I don’t remember being allowed back into the classroom until I calmed down, but I know that when I reentered the room, my glassy-eyed classmates turned to look at me as if I were no more familiar to them than the strange TV program they were being forced to watch.  My Otherness lingered throughout elementary school and junior high, until we all graduated in eighth grade and went on to high school, our class then to be diluted by other students from all over the city.  I don’t know how much of that day made me forever strange to them.  Perhaps it only made me strange to myself, and that Otherness I felt within me then took root inside my personality, sprouting into the kind of tree one might find in a Tim Burton film.

The next year, my first fears of terrorism occurred, at the Sunday family breakfast table.  My father’s cousin in Lebanon had just been elected president a few weeks before and had been assassinated.  (His brother would then be elected president to survive him and lead the country for most of the rest of the decade.)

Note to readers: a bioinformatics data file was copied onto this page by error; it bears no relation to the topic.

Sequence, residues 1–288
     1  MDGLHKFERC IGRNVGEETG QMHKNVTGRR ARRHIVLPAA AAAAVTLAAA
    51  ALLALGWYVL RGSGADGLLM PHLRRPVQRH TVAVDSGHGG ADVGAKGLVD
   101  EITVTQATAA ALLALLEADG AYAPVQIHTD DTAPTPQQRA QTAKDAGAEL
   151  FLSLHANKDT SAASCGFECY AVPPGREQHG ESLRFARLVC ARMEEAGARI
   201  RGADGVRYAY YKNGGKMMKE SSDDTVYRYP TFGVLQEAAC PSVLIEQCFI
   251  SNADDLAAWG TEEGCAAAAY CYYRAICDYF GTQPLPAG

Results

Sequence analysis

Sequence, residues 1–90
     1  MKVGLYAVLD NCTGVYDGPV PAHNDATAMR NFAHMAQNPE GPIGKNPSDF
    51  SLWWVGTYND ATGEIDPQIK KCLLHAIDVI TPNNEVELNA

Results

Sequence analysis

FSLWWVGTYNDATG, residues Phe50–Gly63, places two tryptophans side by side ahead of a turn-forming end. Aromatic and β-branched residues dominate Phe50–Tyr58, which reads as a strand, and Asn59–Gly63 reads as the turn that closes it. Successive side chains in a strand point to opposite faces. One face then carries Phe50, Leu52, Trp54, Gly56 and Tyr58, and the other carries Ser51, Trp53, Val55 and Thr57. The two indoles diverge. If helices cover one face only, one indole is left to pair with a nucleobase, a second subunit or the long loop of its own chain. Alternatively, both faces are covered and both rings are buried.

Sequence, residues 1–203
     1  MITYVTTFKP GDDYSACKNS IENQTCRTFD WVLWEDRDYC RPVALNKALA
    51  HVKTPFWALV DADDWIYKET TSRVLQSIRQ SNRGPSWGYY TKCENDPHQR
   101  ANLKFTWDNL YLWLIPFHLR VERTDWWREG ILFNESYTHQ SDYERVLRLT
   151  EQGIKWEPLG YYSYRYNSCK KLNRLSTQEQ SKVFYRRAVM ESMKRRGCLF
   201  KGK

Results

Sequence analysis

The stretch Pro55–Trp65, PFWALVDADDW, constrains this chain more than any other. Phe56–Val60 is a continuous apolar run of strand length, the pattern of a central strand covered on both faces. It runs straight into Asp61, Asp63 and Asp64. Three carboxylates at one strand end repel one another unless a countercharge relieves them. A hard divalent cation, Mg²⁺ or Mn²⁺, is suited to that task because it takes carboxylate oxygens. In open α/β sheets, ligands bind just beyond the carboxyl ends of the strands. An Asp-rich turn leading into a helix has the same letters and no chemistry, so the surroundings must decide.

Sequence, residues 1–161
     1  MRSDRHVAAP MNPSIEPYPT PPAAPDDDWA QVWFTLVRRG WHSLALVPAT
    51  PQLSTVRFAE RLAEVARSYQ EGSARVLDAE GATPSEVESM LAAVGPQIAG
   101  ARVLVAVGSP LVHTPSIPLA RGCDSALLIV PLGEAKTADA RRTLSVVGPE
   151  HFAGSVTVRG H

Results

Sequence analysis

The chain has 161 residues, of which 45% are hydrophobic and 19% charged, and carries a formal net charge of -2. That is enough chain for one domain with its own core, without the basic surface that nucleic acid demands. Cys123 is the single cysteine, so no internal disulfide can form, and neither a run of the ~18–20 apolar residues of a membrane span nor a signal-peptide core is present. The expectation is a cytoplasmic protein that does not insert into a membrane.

My mother remarked in what I would later remember as a cloyingly dramatic way how sad it was that his family’s joy that he had been elected had abruptly turned to sorrow and mourning.  But I was focused on an anecdote my father was recalling, about an earlier assassination attempt in which the dead man’s car had been blown up.  Although that incident had been unsuccessful in its target of Bashir, his driver and eighteen-month-old daughter had been killed in the blast.

I looked at my baby sister then, just two years old.  She was quietly chewing toast and scrambled eggs, looking back and forth at everyone in the family while she studiously munched.  With a pang, it occurred to me that if that toddler cousin wasn’t safe, then my toddler sister wasn’t safe, and if adults were being killed, how could I protect this baby?

This anxiety about protecting my younger brother and sister would linger all the way into adulthood.  A rash of kidnappings in our city when we were all in grade school nearly paralyzed me, to the point where I hid letters about neighborhood safety, sent from school to our parents, in the back of my desk drawer.  I was too anxious to let both my siblings go out shopping or to a movie theater unless both my parents or one parent and myself were with them.  The two kids together were just too rambunctious, I thought, for one parent to handle.  I was needed to make sure the family would remain intact.  It was my silent crusade of protection, and it left an indelible mark on my psyche, perhaps because it was so silent.